Luke 24:17

And he said unto them, What manner of words are these that you have one to another, as you walk, and are sad?
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Augustine of Hippo

AD 430
You heard just now that the Lord Jesus, after rising from the dead, found two of his disciples on the road, talking to each other about all that had happened, and said to them, “What is this conversation you are having with each other, and why are you so sad?” …So what is the benefit of this reading for us? A very considerable one, if we understand it rightly. Jesus appeared. They saw him with their eyes and did not recognize him. The Master was walking with them along the way, and he himself was the way. But they weren’t yet walking along the way. He found, you see, that they had wandered off the way. After all, when he had been with them before the passion, he had foretold everything: that he was going to suffer, to die and to rise again on the third day. He had foretold it all, but his death had erased it from their memories. They were so shattered when they saw him hanging on the tree that they forgot about his teaching. They did not expect him to rise, nor did they hold on to what...

Cornelius a Lapide

AD 1637
And He said unto them, What manner of communications are these that ye have one to another, as ye walk and are sad? σκυθζωποί, "sullen" in the sense of downcast. Christ knew whence their sadness arose, but asks them the cause, in order that He might remove it: "As I followed I heard you speak of some one who was slain at Jerusalem; tell me therefore who he was, and how, and for what reason he was put to death." ...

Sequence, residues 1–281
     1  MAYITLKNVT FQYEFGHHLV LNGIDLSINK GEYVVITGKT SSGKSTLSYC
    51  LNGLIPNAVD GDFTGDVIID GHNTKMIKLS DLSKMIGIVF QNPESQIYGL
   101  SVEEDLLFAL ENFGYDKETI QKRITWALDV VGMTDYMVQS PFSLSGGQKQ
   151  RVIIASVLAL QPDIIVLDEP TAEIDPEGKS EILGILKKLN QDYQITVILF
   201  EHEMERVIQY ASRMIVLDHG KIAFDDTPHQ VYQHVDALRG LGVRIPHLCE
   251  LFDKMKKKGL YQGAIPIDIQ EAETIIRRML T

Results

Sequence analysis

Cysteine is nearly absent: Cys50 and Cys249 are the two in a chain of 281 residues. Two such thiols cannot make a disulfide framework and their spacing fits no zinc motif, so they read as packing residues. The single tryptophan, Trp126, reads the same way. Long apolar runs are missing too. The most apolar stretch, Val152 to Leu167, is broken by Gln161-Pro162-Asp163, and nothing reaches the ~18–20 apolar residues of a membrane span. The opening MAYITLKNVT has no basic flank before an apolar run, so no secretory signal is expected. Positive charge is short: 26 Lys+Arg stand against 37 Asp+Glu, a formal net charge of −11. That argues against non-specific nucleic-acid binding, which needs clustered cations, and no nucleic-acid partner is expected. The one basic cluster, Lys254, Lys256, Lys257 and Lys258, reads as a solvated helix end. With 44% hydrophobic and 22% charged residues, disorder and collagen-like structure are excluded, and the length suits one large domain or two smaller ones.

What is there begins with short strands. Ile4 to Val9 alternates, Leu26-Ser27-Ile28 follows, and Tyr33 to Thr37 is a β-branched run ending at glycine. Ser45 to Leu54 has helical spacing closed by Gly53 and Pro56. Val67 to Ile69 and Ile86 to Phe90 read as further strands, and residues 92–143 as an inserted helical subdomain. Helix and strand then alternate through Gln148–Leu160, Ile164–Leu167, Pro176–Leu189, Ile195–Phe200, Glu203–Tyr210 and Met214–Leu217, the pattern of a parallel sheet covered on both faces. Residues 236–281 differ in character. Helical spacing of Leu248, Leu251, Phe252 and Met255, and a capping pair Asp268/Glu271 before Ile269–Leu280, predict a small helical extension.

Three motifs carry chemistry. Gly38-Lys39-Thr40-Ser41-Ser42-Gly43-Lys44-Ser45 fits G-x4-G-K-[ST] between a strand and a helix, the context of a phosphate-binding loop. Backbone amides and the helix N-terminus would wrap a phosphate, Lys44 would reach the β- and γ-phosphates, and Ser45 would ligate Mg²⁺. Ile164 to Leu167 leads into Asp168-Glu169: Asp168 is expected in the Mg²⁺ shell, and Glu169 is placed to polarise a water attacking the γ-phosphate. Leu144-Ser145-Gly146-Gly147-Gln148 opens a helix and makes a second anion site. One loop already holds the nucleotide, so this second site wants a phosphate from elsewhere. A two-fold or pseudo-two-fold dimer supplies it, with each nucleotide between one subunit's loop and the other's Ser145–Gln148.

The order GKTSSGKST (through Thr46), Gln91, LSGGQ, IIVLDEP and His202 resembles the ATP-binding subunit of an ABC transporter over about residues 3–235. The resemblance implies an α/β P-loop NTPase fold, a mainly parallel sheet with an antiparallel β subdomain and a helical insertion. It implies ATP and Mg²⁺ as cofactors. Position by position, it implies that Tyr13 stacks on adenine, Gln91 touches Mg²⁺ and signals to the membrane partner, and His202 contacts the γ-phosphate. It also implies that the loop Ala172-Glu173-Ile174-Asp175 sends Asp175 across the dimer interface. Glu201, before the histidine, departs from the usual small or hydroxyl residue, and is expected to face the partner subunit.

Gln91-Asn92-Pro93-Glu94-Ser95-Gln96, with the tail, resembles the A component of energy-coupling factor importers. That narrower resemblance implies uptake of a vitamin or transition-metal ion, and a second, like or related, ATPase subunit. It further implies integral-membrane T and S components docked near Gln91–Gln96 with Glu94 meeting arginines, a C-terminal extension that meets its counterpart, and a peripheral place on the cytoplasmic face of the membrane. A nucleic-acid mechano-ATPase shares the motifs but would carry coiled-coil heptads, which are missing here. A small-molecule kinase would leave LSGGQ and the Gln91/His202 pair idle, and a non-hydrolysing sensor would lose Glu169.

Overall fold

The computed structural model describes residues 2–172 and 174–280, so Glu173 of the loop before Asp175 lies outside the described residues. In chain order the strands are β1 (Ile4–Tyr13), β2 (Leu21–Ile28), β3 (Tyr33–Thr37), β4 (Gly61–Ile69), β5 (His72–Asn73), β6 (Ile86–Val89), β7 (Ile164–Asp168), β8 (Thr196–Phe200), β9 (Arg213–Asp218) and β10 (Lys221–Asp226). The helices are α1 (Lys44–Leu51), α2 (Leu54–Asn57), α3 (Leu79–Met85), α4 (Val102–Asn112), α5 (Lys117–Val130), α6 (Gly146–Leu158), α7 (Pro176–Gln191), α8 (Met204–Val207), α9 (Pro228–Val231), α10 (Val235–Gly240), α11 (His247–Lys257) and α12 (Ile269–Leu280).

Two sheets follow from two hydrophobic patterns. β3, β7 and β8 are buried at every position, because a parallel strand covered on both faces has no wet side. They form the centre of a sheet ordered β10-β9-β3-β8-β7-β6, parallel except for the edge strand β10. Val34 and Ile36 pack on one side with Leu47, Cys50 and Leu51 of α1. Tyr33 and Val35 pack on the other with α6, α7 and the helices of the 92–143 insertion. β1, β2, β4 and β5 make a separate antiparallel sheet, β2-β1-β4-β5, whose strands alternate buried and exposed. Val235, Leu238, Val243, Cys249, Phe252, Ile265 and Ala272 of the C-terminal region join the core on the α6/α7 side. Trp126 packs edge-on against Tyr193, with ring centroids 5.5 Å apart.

Eusebius of Caesarea

AD 339
After Nero and Domitian … persecution was raised against us sporadically among the cities as a result of insurrection among the people. In this persecution we have learned that Simon [Symeon], the son of Clopas, whom we have shown to have been the second bishop of the church at Jerusalem, gave up his life by martyrdom. The witness of this is Hegisippus, whom we have already quoted. When relating about certain heretics, he goes on to show that Symeon was accused by them at this time and was tortured in many ways for a great many days because he was clearly a Christian. He astonished to the highest degree both the judge himself and those with him, and won for himself an end similar to the passion of the Lord. ...

Knowing this first, that no prophecy of the scripture is of any private interpretation. - 2 Peter 1:20

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